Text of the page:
Ouija has a tagline that goes, “Keep telling yourself it’s just a game.” In reality, there is no need to do that, the film is not that scary. While it attempts to fall fully into the horror genre it really is a combination ghost story/mystery. A group of youngsters have one of their number kill herself and the gang attempt to track down what really happened. This is after the one girl who dies tried to unsuccessfully destroy a Ouija board by burning it and the planchette that goes with it.
The movie starts with two little girls playing with the “spirit” board and one explains the rules to the other. Number one on the list of “don’ts” is that one should never operate, or play, the board alone. Of course as the film fast forwards to the present the blonde girl, now all grown up, is doing just that. No surprise then that this is the first victim in the movie. Incredibly, despite the amount of real life negative press that the Ouija board has received over the past few years, the film’s premise is that the young people involved all treat the Hasbro board as a game.
Although that soon changes after the little group attempt to get in touch with the first girl who died after playing the Ouija board alone. The young adults come in contact with an evil presence and the problems, along with the body count, commence and grow. To be fair, the film is entertaining and has at least two good jump scares and one scene that produced full body goosebumps. Overall, however, the scares were a mixed bag, some working better than others. One of the things that the film did well were the “fake out” scare scenes, great buildup and then a let down that was not over the top or exaggerated for effect.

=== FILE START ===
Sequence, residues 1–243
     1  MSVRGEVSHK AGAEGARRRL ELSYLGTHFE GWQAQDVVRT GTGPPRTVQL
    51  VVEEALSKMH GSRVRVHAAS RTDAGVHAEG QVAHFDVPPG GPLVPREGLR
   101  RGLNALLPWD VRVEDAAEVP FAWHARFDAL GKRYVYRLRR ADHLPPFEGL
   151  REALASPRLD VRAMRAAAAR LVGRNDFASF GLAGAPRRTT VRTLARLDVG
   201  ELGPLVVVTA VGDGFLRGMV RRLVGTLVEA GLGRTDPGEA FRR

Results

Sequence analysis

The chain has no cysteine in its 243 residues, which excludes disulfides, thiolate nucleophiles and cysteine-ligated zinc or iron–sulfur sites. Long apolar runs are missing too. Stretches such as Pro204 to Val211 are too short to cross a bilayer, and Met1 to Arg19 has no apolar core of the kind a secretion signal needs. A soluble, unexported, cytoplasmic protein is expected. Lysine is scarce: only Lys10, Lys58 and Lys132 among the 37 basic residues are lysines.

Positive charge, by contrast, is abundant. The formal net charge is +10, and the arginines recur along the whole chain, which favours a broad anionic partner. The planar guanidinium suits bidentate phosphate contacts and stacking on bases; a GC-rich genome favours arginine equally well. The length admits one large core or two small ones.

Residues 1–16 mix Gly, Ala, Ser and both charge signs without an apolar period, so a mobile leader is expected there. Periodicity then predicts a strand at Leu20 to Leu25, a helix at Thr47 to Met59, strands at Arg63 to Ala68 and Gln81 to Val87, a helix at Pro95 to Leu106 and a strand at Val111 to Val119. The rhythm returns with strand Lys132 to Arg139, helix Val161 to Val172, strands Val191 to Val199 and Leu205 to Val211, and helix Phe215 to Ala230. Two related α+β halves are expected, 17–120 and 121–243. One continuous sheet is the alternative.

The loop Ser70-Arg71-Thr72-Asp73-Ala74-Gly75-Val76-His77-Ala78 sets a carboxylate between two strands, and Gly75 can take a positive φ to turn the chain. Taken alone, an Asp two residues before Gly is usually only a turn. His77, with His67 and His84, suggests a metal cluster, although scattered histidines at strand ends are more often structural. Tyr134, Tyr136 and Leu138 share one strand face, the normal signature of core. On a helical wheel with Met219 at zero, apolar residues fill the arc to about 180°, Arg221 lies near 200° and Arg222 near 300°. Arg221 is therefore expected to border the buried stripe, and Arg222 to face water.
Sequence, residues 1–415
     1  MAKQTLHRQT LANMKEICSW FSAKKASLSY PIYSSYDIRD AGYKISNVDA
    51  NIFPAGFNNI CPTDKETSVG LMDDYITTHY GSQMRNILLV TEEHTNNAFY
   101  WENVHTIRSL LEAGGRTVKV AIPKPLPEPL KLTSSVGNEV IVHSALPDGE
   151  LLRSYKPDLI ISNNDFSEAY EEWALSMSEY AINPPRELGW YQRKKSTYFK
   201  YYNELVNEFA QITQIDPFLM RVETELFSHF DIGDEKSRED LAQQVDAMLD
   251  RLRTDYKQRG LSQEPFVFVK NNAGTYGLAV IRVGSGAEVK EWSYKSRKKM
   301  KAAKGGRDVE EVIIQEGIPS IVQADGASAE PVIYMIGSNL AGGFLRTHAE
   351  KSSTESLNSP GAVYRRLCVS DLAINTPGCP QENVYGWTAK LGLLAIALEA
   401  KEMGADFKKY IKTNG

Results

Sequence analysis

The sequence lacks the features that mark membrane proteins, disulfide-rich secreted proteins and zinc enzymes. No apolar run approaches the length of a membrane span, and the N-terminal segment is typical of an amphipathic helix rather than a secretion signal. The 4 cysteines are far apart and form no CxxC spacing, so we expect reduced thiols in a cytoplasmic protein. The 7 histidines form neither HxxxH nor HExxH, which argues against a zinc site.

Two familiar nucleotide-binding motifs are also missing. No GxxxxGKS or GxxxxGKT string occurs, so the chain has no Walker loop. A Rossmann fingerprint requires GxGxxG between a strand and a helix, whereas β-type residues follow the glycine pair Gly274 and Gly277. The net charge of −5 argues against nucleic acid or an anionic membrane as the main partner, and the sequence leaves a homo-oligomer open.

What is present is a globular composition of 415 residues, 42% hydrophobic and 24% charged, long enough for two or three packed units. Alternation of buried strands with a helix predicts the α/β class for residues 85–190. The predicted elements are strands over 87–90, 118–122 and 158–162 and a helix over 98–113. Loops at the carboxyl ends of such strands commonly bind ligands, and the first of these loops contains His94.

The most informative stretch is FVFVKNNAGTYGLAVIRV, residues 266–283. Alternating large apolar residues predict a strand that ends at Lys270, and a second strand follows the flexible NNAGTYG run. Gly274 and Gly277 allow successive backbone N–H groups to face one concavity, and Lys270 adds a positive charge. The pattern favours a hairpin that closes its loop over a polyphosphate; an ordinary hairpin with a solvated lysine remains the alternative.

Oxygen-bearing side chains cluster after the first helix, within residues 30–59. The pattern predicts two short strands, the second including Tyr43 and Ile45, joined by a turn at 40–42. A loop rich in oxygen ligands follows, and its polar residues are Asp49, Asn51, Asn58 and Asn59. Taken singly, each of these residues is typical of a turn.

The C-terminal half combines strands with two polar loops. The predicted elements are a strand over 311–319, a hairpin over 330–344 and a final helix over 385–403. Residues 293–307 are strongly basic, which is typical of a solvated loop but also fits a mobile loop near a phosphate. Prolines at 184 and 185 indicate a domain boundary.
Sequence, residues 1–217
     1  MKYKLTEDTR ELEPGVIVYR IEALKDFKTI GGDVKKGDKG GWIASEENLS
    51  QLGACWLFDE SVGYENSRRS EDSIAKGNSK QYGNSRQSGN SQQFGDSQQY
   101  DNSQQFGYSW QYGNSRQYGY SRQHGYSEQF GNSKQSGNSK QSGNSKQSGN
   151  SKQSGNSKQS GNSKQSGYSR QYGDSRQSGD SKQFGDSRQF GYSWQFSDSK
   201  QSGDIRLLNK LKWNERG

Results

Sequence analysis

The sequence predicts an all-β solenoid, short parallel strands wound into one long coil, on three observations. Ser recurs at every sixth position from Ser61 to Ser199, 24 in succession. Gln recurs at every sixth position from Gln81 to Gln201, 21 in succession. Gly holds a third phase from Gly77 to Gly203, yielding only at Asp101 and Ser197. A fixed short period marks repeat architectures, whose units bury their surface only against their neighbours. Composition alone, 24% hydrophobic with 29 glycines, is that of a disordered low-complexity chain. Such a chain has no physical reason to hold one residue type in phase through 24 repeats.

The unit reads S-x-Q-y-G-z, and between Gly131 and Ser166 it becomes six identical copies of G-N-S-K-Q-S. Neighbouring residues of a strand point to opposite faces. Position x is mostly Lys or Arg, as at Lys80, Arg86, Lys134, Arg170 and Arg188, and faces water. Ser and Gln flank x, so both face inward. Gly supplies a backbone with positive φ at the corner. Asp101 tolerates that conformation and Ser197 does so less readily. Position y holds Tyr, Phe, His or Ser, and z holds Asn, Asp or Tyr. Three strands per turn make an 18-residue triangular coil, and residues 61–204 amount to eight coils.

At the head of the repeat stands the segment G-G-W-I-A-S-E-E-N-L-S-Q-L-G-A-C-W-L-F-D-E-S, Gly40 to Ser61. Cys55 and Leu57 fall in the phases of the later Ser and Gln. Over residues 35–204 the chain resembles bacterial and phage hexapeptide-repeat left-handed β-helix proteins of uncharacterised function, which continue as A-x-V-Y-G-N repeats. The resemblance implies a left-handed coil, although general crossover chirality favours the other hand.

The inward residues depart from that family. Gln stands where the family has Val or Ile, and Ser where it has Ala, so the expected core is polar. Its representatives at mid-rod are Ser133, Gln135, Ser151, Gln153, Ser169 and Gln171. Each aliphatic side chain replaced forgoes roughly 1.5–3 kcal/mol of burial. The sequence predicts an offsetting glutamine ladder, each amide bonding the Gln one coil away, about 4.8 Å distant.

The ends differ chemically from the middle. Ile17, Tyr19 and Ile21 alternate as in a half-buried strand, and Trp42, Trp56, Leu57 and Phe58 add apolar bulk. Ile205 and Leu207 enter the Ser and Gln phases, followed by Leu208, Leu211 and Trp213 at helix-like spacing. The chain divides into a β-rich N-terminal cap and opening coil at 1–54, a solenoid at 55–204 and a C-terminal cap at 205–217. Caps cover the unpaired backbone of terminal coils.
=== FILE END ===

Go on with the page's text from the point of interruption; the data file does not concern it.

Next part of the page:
Directed and co-written by Stiles White; who has a solid background in the world of FX – think Stan “the Man” Winston Studios here and a long list of films with his name attached to the credits. This is White’s debut as a director and it is a great start. His cast all do well in their roles with Mancunian actress Olivia Cooke proving that her acting chops are just fine on either side of the big pond. Although White does an adequate job at delivering in Ouija, there is no real need to “tell yourself it is a game.” Kudos are in order for the marketing campaign who obviously dredged up the idea from the old “keep telling yourself, ‘it’s only a movie!”
Referring to casting, actress Ana Coto, who plays the younger sister of Cooke’s character in the film, looks enough like the English performer that they really could be sisters. It also should be mentioned that Lin Shaye is a delight to watch regardless of how big her role is. As usual Ms. Shaye knocks her part right out of the park as the wheelchair bound “survivor/murderer.”
Ouija is classified as horror and while it does fit into this genre very well, the film really does feel like more of a thriller/mystery wrapped around a ghost story that evolves from a Hasbro game. As the director has the Stan “the Man” Winston connection it is no surprise that the spectres and FX in the film were top notch. The only word of complaint could be “bubblewrap” as that is what the pool cover in the film actually looked like.
While there is no need to tell “yourself” that this is a game, Ouija is a fine offering for Halloween this year and opens nationwide on October 24. Sure there is no “Freddy Kruger” or “Michael Myers” here but the 20 something leads are attractive and they die in something akin to slasher film slaughter tradition sans gore but they are not as dumb as the average victim in that verse. This is a popcorn tossing film, at least a couple of times, and viewers should be prepared to develop a phobia about flossing that may have the American Dental Association up in arms.
By Michael Smith
AMC Town Square Theater 18